It is not settled law that findings of an administrative agency such as the City Council, ordinarily composed of laymen, “ ‘need not be stated with the formality required in judicial proceedings.’ ” Nor need they be set forth “in the language of the applicable legislation”; indeed such a practice is to be discouraged and is sometimes disapproved. (Topanga Assn. for a Scenic Community v. County of Los Angeles (1974) 11 Cal.3d 506, 517, and fn. 16, 113 Cal.Rptr. 836, 522 P.2d 12.) The findings will be sufficient if they satisfy “the dual requirements of making intelligent review by the courts possible and apprising the parties of the basis for (the) administrative action.” (Swars v. Council of City of Vallejo (1949) 33 Cal.2d 867, 873, 206 P.2d 355, 359; and see Topanga Assn., supra, p. 517, fn. 16, 113 Cal.Rptr. 836, 522 P.2d 12; Gallegos v. State Bd. of Forestry (1978) 76 Cal.App.3d 945, 951, 142 Cal.Rptr. 86; Kirby v. Alcoholic Bev. etc. App. Bd. (1969) 3 Cal.App.3d 209, 218, 83 Cal.Rptr. 89.) And such findings “are to be liberally construed to support rather than defeat the order under review.” (Realty Projects, Inc. v. Smith (1973) 32 Cal.App.3d 204, 213, 108 Cal.Rptr. 71, 77.)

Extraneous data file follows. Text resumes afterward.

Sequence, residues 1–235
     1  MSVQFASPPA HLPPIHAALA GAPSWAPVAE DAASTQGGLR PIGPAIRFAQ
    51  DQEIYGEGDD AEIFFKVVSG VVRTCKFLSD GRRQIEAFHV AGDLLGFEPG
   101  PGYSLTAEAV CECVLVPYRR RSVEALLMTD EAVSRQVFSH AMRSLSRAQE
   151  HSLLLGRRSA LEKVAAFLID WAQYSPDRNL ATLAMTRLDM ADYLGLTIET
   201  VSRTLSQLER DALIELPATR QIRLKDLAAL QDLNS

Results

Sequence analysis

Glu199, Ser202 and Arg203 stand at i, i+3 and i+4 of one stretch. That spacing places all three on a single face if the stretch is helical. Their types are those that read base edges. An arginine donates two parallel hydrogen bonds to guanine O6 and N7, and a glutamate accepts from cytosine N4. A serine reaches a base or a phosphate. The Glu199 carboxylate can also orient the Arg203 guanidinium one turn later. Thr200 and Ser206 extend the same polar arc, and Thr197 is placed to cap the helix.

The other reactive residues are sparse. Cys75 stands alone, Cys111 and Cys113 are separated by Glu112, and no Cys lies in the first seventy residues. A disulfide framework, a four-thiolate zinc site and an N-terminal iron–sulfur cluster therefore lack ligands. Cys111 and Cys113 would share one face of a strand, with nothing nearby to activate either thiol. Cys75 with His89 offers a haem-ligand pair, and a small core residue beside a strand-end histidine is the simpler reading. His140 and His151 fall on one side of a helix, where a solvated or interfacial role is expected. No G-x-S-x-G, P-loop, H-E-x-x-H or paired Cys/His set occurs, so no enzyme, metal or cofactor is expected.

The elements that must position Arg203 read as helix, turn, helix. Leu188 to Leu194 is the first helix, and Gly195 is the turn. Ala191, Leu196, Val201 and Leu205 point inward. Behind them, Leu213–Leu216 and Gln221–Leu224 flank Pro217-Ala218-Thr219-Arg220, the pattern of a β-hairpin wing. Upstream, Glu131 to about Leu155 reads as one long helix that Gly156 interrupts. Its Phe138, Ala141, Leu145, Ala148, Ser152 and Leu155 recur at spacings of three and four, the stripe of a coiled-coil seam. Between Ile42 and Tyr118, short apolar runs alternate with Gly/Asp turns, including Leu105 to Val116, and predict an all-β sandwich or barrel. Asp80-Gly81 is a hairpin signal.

“Proximity” is defined as “the quality or state of being proximate, next, or very near . . . immediate or close . . . .” (Webster's New Internat. Dict. (3d ed. 1965) p. 1828.) “Proximate,” in the instant context, means “immediate, nearest, next in order.” (Smith v. Los Angeles etc. R'y Co. (1893) 98 Cal. 210, 214, 33 P. 53 and see Black's Law Dict. (4th ed. 1951) p. 1391, col. 2.)